7 ways you didn’t know you could use steel wool

A ball of steel wool next to a scrubbing brush and a microfiber cloth
(Image credit: Shutterstock)

One of the most underrated cleaning tools has to be steel wool. With its hardy and scrunchy nature, it comes in use for removing all kinds of stubborn stains in the kitchen. In fact, it’s so abrasive that it can damage delicate surfaces as you scrub, so you need to take care where you use it. Much like knowing the 7 things you should never clean with white vinegar, this tool has a time and a place.

Having said that, steel wool is more versatile than you think. Thanks to its abrasive build, it has unexpected uses all over the home — from aiding with pest removal to keeping your drains unclogged. If you’re keen to learn how you can get more from your steel wool, we’ve rounded up 7 unusual uses for it here. So it’s not just reserved for your pots and pans in the future.    

Before we start, it's worth noting that there's different grades of steel wool ranging from 0000 to 4 which varies from fine to coarse. Make sure you're using the appropriate grade to suit your application.

Be sure to also check out 7 surprising uses for aluminum foil and 7 clever uses for an ice cube tray.

1. Scrubbing stubborn stains 

An old pan being scrubbed and cleaned with steel wool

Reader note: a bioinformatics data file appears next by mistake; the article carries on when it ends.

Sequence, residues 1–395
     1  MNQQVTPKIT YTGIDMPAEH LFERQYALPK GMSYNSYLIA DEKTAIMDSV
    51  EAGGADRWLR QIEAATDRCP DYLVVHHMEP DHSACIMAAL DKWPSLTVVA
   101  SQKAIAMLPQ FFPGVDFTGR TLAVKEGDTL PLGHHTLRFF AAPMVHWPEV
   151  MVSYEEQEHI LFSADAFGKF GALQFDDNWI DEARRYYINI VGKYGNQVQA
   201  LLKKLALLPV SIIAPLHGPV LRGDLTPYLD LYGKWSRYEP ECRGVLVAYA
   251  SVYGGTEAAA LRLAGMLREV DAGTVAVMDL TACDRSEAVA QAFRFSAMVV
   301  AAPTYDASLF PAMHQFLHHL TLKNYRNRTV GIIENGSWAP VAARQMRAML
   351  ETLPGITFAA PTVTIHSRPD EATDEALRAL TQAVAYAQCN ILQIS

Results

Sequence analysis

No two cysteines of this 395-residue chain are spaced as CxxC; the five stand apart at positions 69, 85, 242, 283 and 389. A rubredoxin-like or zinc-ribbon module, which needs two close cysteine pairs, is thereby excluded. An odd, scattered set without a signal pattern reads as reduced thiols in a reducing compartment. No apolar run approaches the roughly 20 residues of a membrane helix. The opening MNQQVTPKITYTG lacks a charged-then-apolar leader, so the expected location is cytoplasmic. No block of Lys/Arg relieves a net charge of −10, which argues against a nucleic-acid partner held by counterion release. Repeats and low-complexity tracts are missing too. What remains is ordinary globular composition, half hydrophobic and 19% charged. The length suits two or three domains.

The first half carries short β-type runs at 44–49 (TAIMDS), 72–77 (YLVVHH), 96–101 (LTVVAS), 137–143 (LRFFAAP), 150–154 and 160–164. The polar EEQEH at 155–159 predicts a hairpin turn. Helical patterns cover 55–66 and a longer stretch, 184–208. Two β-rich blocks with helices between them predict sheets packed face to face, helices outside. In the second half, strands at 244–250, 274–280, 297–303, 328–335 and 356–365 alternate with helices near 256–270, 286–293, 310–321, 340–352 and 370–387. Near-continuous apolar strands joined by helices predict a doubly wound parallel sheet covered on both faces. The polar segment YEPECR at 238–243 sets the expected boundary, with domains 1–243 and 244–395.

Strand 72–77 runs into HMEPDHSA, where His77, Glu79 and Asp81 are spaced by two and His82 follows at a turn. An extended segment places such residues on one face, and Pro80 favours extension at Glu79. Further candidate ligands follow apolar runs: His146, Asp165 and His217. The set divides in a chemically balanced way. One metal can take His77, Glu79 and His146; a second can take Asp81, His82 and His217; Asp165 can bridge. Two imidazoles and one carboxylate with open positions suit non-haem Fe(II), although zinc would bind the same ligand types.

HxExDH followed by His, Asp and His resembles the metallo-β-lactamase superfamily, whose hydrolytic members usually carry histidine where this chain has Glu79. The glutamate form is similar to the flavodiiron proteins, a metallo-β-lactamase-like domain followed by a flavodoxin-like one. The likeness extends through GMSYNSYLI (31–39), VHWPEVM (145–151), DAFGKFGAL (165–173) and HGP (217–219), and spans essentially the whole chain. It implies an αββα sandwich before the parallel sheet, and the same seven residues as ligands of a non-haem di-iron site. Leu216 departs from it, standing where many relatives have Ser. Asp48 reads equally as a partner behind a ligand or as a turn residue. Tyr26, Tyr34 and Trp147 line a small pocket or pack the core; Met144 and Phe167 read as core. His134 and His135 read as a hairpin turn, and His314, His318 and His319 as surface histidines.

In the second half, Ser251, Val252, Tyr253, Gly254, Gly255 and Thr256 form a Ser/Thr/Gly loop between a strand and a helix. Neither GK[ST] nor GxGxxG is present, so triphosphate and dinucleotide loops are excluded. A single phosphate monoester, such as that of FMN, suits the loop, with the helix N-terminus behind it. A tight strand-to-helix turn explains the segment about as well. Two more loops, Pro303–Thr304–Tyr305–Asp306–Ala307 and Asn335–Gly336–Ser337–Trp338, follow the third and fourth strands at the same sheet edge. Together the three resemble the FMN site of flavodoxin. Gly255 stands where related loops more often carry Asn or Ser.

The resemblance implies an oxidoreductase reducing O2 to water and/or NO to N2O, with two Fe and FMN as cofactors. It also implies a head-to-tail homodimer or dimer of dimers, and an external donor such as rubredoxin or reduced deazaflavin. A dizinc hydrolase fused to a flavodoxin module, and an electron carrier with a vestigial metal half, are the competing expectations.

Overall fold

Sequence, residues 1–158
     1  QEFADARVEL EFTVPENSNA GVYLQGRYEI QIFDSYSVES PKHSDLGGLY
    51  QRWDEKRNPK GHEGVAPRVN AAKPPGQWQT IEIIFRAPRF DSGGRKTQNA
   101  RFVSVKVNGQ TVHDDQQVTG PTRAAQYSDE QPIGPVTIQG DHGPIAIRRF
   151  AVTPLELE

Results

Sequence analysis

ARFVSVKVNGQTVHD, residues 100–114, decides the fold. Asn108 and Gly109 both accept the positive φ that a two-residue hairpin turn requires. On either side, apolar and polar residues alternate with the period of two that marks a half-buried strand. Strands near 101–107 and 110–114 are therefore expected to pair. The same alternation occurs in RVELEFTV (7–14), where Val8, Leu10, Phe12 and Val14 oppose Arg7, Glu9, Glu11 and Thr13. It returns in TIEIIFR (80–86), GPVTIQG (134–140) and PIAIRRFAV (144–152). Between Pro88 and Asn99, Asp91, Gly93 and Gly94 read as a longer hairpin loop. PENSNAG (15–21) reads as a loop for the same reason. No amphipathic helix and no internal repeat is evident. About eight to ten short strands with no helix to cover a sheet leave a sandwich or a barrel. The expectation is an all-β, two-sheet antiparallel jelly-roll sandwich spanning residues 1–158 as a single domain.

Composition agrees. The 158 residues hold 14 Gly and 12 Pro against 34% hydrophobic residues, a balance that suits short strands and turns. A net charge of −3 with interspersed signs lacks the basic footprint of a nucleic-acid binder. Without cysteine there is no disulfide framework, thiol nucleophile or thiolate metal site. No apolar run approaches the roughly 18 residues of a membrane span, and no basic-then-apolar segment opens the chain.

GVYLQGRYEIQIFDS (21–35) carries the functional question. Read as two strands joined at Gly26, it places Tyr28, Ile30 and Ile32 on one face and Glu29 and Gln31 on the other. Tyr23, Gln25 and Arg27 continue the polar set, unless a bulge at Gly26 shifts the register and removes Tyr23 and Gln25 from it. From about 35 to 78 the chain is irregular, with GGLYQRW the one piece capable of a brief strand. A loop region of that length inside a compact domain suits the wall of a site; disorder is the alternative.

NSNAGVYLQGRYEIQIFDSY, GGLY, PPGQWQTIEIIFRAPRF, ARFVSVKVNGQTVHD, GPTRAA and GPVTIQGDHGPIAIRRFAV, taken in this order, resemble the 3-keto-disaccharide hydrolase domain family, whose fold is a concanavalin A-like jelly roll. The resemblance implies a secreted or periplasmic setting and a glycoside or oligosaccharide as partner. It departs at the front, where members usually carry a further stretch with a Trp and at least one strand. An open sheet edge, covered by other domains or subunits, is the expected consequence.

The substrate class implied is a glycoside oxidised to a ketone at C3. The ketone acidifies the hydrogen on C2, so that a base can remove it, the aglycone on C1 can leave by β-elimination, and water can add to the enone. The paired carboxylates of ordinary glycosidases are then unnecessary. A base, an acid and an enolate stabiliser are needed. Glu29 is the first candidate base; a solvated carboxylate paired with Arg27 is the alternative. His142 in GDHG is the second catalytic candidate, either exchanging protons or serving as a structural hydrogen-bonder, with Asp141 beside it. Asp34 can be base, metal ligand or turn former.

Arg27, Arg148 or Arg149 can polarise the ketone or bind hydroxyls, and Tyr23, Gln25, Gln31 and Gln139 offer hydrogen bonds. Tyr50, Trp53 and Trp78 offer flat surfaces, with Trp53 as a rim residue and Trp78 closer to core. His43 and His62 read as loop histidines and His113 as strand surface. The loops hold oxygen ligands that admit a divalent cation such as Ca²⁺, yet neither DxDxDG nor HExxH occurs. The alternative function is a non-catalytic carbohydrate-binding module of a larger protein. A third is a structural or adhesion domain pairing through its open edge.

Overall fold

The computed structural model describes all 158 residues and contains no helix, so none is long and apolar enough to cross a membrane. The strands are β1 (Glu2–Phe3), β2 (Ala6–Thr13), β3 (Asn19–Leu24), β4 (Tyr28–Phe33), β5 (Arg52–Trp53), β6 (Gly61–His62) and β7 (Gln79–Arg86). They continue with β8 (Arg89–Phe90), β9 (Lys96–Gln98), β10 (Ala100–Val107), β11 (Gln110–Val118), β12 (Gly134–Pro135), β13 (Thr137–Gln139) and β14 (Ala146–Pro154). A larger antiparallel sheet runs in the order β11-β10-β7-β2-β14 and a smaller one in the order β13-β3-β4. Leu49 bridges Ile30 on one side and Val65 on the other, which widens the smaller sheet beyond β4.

(Image credit: Shutterstock)

Of course, we should first cover the primary use for steel wool. Typically constructed as a mesh of fine steel wiring, it's most often used to remove residue your sponge just can’t handle — such as oven grates and metal utensils. 

But, before you go scrubbing your favorite cookware, know that steel wool can easily scratch delicate surfaces — so you can ruin an expensive pan in the cleaning process. Steel wool should not be used on stainless steel or items with a non-stick coating — it can damage the surface in both instances. It should also not be used on the best cast iron skillets, because it can strip away the seasoning and leave marks behind. 

Use your best judgement on what to scrub with steel wool. Where it’s safe to use, it can really speed up the chore. But, if in doubt, stick to the sponge or use a microfiber cloth to play it safe. Here’s how to clean a burnt pot if you want some guidance. Use a wad of steel wool which is designed for kitchen use (not coarse) to prevent unnecessary damage. 

2. Remove rust

A range of gardening tools hung along a wall including trowels and forks

(Image credit: Shutterstock)